Indiana University Bloomington
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Courses

Semester:

INTL-I 500 TOPICS IN GLOBAL STUDIES (32329)

Instructor: Bosco, David Lyndon
Day & Time: TR 4:00 PM- 5:15 PM
Building & Room: Global & International Studies 0003
Credit Hours: 3.0
CASE Requirements:
Start Date: 2016-08-22 End Date: 2016-12-16

Topic: GLOBAL GOVERNANCE AND INTERNATIONAL ORGANIZATIONS. For centuries, mankind has struggled to find ways to organize international life and restrain the chaos and conflict that have so often plagued it. The increasing destructiveness of warfare and the accelerating pace of economic globalization have made that quest more urgent. But the search for structures to govern the world has always encountered forces that push in the other direction. The desire for uninhibited national sovereignty has been a consistent check on movements for global governance. As daunting have been simple coordination problems. What form should global governance take? What mission should international organizations and institutions have? Who should control them and to whom are they responsible? Today, there exists a group of influential but incomplete and often flawed institutions, including the World Bank, the United Nations, the International Monetary Fund, the International Criminal Court, the European Union, and the North Atlantic Treaty Organization. Other less formal global governance initiatives have also emerged as important factors. Understanding the complex interactions between these initiatives and national governments and individuals is essential to understanding contemporary world politics.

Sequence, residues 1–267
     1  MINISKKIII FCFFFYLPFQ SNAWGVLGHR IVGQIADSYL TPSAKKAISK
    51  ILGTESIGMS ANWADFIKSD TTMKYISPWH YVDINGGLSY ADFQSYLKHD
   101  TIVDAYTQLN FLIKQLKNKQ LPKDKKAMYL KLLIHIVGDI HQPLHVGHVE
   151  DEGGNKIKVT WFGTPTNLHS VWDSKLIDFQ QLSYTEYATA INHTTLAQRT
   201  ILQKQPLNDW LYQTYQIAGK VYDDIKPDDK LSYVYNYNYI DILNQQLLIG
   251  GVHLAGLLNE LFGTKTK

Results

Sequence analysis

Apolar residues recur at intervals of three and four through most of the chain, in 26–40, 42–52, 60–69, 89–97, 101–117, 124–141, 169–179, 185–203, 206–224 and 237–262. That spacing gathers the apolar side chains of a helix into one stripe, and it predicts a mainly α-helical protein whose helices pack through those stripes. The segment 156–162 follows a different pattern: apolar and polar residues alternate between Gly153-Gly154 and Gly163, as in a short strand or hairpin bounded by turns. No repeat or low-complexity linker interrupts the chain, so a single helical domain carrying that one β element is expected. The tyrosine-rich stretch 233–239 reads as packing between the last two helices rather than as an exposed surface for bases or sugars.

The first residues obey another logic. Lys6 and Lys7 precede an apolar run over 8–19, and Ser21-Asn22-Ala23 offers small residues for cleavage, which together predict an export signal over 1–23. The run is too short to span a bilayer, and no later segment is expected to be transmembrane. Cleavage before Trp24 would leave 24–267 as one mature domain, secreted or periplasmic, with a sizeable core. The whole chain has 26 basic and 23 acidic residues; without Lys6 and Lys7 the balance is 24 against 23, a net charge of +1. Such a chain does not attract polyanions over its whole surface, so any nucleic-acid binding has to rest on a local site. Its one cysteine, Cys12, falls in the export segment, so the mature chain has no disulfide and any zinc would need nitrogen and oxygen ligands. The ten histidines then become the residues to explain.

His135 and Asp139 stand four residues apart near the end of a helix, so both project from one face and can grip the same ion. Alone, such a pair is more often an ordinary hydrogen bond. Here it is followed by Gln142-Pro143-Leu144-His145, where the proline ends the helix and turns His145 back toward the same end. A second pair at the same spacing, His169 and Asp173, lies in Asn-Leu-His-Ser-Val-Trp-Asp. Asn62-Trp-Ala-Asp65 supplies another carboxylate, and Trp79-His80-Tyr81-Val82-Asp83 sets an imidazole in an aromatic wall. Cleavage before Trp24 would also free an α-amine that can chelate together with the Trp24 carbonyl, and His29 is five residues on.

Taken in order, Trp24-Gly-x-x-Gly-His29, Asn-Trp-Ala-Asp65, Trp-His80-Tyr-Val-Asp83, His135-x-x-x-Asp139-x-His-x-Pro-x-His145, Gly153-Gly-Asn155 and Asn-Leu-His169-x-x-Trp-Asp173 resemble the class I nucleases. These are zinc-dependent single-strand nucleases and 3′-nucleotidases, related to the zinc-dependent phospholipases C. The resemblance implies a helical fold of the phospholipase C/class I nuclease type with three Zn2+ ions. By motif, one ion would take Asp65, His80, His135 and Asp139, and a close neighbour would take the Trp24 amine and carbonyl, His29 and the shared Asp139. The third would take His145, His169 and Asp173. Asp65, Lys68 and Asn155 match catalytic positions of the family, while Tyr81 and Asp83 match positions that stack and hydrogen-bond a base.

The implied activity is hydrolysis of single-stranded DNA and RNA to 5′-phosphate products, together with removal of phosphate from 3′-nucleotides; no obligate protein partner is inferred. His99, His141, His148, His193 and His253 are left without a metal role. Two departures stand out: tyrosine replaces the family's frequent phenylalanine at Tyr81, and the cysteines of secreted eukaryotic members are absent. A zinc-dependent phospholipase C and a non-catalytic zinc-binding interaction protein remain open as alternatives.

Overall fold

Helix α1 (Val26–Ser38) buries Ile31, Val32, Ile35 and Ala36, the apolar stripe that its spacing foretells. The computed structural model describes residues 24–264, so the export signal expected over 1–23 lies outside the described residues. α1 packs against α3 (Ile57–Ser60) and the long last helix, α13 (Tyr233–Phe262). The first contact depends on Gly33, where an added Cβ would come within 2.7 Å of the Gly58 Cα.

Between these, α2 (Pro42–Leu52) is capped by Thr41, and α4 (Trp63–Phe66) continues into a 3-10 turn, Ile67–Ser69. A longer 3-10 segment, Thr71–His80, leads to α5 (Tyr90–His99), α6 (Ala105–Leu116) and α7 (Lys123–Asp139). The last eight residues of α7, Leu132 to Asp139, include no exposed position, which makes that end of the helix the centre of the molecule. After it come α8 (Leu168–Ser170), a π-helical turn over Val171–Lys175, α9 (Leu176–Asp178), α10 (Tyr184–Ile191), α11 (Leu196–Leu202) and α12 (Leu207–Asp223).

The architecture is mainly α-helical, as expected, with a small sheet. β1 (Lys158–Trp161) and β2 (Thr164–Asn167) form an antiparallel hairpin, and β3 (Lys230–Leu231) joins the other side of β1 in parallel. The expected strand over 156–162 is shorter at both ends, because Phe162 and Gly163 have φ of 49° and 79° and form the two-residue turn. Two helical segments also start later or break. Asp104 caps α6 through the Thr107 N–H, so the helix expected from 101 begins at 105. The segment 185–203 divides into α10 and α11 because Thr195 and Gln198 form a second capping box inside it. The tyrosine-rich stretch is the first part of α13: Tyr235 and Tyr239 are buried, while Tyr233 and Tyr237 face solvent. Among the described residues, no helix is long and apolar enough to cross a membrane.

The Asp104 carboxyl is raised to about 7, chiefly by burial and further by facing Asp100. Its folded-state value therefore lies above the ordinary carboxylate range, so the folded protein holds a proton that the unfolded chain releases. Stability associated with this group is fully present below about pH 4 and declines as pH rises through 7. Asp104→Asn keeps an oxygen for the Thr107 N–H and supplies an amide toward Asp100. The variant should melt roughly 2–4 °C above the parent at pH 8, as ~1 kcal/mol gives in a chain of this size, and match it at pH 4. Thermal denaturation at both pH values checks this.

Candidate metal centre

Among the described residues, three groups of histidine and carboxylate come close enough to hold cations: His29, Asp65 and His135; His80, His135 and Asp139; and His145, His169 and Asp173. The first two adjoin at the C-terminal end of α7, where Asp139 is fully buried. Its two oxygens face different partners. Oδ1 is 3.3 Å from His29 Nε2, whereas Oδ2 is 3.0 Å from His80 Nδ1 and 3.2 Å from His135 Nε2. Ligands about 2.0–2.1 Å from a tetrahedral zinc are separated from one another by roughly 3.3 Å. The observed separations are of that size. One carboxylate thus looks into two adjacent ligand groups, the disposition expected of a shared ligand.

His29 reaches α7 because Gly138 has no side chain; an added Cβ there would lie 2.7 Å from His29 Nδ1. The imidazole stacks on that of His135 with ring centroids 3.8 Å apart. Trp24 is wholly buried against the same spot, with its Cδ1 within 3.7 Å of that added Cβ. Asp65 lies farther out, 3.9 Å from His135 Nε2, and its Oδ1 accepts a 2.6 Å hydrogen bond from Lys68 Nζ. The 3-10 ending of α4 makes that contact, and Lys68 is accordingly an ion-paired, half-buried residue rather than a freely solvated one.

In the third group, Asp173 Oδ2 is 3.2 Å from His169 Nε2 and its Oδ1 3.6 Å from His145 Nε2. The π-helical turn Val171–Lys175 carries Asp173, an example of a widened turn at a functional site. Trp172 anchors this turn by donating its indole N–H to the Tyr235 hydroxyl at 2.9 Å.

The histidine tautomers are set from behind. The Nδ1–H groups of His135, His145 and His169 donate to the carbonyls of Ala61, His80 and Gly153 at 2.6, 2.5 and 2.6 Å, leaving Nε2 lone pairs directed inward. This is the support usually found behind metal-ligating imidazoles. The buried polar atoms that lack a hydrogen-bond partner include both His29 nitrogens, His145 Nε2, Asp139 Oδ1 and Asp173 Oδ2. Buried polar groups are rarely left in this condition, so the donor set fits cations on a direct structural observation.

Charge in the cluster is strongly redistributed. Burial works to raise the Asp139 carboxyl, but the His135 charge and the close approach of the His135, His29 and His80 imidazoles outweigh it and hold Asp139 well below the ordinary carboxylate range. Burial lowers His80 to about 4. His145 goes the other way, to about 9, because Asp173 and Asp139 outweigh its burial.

INTL-I 502 SEM IN GLOBAL HLTH & ENVRNMT (32549)

Instructor: O'Reilly, Jessica Leigh
Day & Time: MW 2:30 PM- 3:45 PM
Building & Room: Forest Quad C230
Credit Hours: 3.0
CASE Requirements:
Start Date: 2016-08-22 End Date: 2016-12-16

Understand how humans study, experience, interpret, and mitigate global climate change. Using a cultural focus, we investigate climate science, politics, and economics, and consider how climate change intersects with matters of justice, gender, globalization, media, development, and higher education. As we learn about these topics, we will conduct applied research on particular climate topics at various scales--local, state, national, and international--to work towards defining solutions and ways forward in a rapidly changing environment. This course takes place around the two-week long 22nd Conference of Parties (COP22) of the United Nations Framework Convention on Climate Change (UNFCCC). We will use this event as a focal point for our learning, tying together our theoretical and topical interests to track how matters of concern are negotiated through the UNFCCC process and COP22.

INTL-I 502 SEM IN GLOBAL HLTH & ENVRNMT (32550)

Instructor: Long, Yan
Day & Time: MW 4:00 PM- 5:15 PM
Building & Room: Global & International Studies 0013
Credit Hours: 3.0
CASE Requirements:
Start Date: 2016-08-22 End Date: 2016-12-16

Social movements within different countries and across national borders have developed in response to injustices in public health--some of which have been exacerbated by economic and political globalization. Meanwhile, alternative visions of health policies and global governance are emerging from the bottom up. The course offers tools to understand why and how people engage in collective action around health issues, paying specific attention to transnational advocacy networks and global civil society. We begin by examining the major theoretical paradigms in the study of contentious politics and global health. We then turn to cases and critical issues in health movements such as science and epidemiology, body and biocitizenship, political opportunities, resource mobilization, framing, networks, culture and identity, strategy repertoires, and policy outcomes. We explore different forms of contentious politics around the globe in areas such as healthcare reform, mental health, disability rights, reproductive health, HIV/AIDS, food security, and environmental justice. The readings are chosen from the areas of social movements, human rights, international relations, world politics, global health, and development.